Skip links and keyboard navigation

After 54 years of smoking, I quit!

Wednesday 31 May 2017

Image of elderly man holding grandchild's hand with the text
After 54 years of smoking, John quit.

As a smoker for 54 years, John Walsh is proud to share his quit journey using the rural, regional and remote program through Quitline.

The 69 year old Poona resident has been quit for over 100 days and recalls the exact moment he made the life-changing phone call.

“I remember it was 7:30am on 18 February when I stopped,” he said.

“I was sitting beside my granddaughter’s hospital bed at the Lady Cilento Children’s Hospital in Brisbane and we were talking about smoking, and I said ‘well I’m going to give it up’, and I phoned them up right then and there.

“I’ve never looked back, and it’s great to know she’s proud of her granddad.”

John was 15 years old when he started smoking.

“In those days, everybody smoked, so I was just following what everybody else did,” he said.

“I had tried before to give it up, like cold turkey and cutting down on smoking. There was a quit program a number of years ago where all they asked you to do was smoke what you normally smoke one day, then the next day smoke one less, and so on.

“I got down to about 4 cigarettes and I thought ‘bugger this!’.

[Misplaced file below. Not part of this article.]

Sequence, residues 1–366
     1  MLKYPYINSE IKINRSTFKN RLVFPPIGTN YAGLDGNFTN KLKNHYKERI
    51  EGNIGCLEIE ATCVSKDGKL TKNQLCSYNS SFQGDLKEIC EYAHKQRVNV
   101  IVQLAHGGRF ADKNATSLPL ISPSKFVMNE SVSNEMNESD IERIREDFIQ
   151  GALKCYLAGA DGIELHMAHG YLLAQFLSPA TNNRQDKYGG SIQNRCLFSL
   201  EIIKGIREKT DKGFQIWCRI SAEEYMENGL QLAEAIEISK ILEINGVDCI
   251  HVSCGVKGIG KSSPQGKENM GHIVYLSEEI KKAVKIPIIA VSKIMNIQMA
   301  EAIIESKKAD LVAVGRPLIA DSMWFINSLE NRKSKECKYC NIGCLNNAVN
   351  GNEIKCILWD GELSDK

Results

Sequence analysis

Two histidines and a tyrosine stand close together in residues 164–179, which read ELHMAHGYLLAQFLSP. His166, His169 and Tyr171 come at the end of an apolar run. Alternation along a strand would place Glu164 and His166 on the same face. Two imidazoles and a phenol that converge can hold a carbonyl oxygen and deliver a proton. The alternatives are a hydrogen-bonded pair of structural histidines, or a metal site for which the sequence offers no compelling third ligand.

“But this time, I went in it with a lot of determination.

“I went through the entire quit program, and I reckon two-thirds of the way through I could have stopped it, but I thought ‘no, I’ll see it out to the end’ and I’m absolutely wrapped that I did.

“It was just a matter of working out where the triggers were that sets me off for a cigarette, and to keep remembering why I gave it up.”

John said his main reason for quitting smoking was the expense.

“There are two reasons for giving it up; it’s either health or wealth, and it doesn’t matter which one you give it up for, you’re going to benefit both ways,” he said.

“For me, it was wealth. I’m on an aged pension, so even if I only smoked 20 cigarettes a day, that’s burning a quarter of my pension and setting it up in smoke.”

When asked what the benefits of being a non-smoker are, John said it’s more than just having money in the bank.

“I’ve lost the cough that I used to have every morning and evening and now, after a bit of exercise, I don’t breathe as heavily as I used to,” he said.

The Quitline Rural, Regional and Remote program commenced February 2017 and has since helped 557 people across Queensland. The program involves tailored support from Quitline counsellors and nicotine replacement therapy.

“The people at Quitline are great, I always look forward to their phone calls, just to brag about how well I’m doing,” John said, with a chuckle.

“My advice to others is to give it a go; you’ll never be sorry, and if you don’t give it a go, you’ll never know.

“Go in with confidence and commit yourself to quitting.”

For a tailored approach to help you quit, call 13QUIT (13 78 48) or visit the Quitline website.

Last updated: 23 August 2017